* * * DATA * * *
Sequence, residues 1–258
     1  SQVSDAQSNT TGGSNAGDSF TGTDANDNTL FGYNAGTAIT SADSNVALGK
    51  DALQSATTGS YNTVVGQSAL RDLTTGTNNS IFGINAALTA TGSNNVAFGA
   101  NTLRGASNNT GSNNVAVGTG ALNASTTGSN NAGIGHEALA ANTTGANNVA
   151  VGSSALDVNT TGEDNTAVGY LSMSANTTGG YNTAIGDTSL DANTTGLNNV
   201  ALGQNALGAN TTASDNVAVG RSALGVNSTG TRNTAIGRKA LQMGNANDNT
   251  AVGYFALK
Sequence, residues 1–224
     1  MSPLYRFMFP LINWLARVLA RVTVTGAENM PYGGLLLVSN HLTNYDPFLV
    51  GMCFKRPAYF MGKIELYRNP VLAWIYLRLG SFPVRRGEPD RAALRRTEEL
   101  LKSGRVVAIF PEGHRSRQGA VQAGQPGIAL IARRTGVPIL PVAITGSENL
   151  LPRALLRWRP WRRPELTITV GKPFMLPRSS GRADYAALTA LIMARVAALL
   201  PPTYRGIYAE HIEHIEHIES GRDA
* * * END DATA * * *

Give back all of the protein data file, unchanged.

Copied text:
Sequence, residues 1–258
     1  SQVSDAQSNT TGGSNAGDSF TGTDANDNTL FGYNAGTAIT SADSNVALGK
    51  DALQSATTGS YNTVVGQSAL RDLTTGTNNS IFGINAALTA TGSNNVAFGA
   101  NTLRGASNNT GSNNVAVGTG ALNASTTGSN NAGIGHEALA ANTTGANNVA
   151  VGSSALDVNT TGEDNTAVGY LSMSANTTGG YNTAIGDTSL DANTTGLNNV
   201  ALGQNALGAN TTASDNVAVG RSALGVNSTG TRNTAIGRKA LQMGNANDNT
   251  AVGYFALK
Sequence, residues 1–224
     1  MSPLYRFMFP LINWLARVLA RVTVTGAENM PYGGLLLVSN HLTNYDPFLV
    51  GMCFKRPAYF MGKIELYRNP VLAWIYLRLG SFPVRRGEPD RAALRRTEEL
   101  LKSGRVVAIF PEGHRSRQGA VQAGQPGIAL IARRTGVPIL PVAITGSENL
   151  LPRALLRWRP WRRPELTITV GKPFMLPRSS GRADYAALTA LIMARVAALL
   201  PPTYRGIYAE HIEHIEHIES GRDA